Singapore and South Korea have announced that they are entering an economic recession due to severe pressure caused by the COVID-19 pandemic—a deadly virus with flu-like symptoms that has infected more than 16 million people globally.
The shrinking of the two Asian economic powerhouses’ growth for two quarters in a row this year is believed to have been a major factor.
Singapore’s economy contracted up to 2.2 per cent in the first quarter of 2020 and 41.2 per cent in the second quarter, data from the country’s Ministry of Industry and Trade showed. South Korea’s economy shrank to -1.3 per cent in the first quarter of this year and -3.3 per cent in the second quarter, the country’s central bank (BOK) estimated.
The Bank of Korea stated the country’s decreased growth since October 2017 was accelerated by the pandemic.
“The Korean economy has been downward since October 2017, and the coronavirus shock accelerated the speed of the economic downturn,” BOK director Park Yang-soo said.
Contracted economy, high unemployment rate among indicators of recession
In a recent phone interview with TOC, senior economist Fadhil Hasan from Indonesia’s Institute for Development of Economics and Finance (INDEF) said that a high unemployment rate and a contracted economy are among indicators of an economic recession.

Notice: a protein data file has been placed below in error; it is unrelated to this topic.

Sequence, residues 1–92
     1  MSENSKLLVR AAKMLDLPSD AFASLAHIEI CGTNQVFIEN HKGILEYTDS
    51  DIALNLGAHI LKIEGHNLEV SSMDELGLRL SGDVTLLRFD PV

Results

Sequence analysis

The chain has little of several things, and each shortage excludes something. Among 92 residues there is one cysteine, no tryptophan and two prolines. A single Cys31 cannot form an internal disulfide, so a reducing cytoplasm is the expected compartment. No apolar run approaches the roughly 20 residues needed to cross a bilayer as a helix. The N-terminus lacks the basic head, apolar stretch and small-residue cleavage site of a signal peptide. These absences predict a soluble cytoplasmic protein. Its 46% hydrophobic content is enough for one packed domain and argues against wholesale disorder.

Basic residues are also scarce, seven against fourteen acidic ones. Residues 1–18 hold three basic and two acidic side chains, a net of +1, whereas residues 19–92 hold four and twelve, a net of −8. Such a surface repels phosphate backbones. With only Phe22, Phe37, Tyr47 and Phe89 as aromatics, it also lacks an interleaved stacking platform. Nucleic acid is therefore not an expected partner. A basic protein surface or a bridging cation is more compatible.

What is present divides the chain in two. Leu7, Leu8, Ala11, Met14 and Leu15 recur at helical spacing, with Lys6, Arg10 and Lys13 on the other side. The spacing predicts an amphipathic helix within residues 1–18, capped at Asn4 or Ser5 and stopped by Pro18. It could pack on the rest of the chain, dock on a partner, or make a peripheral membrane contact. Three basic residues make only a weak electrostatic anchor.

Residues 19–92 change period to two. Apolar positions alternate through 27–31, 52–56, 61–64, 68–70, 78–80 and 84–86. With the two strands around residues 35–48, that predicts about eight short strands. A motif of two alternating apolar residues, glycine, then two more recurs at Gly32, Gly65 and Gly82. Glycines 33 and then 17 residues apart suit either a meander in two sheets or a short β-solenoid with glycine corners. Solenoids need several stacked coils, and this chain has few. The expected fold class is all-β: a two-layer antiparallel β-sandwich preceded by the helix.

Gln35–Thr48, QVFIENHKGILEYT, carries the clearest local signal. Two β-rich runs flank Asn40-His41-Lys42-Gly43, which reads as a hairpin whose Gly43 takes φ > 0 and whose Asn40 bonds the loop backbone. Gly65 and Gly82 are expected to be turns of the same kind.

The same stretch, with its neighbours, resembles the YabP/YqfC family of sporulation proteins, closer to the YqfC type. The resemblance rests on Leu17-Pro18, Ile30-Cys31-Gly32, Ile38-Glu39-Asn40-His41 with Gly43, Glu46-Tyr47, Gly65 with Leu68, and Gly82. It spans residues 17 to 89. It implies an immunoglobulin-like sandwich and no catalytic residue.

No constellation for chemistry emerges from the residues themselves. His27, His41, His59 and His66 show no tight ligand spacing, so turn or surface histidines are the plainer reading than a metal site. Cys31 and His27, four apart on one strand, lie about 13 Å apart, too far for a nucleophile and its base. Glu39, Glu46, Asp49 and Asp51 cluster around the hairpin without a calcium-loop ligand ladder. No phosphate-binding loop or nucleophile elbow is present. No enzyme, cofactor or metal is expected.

“We can call it a recession if a country’s growth slips for two quarters in a row. We compare it year on year. However, a recession can be associated with high unemployment rate,” the expert told TOC.
According to the Central Statistics Agency (BPS), the number of unemployed people stood at 6.88 million in February, before the COVID-19 pandemic hit Indonesia.
Indonesia’s Chambers of Commerce and Industry (KADIN) predicted that the number of newly unemployed people may reach 30 million in the wake of the pandemic, given that the outbreak has hit almost all sectors, forcing companies to dismiss or furlough their employees.
“Many companies have decided not to lay off their employees, but they have furloughed their employees. Therefore, the data may vary if compared to the official figure,” the expert added.
Mr Fadhil–a former consultant for the World Bank–explained the differences of the 1997/98 Asia’s financial crisis, 2008 global crisis, and the COVID-19 crisis.
“The 1997/98 crisis started in Thailand, triggered by foreign debt. Then, the global crisis in 2008 occurred when commodities’ prices fell, but the impact was not that significant. [There were] no restrictions on people’s [economic] activity.
“The 2020 crisis — this health crisis — however, has severely affected all sectors, from big companies to small and medium enterprises. Social restriction measures have forced people to stay at home, forcing malls and offices to shut down temporarily,” Mr Fadhil added.
Indonesia is not free from recession
Indonesia has relaxed its large-scale social restriction (PSBB) measures to boost economic activity. However, the country is not free from the risk of recession.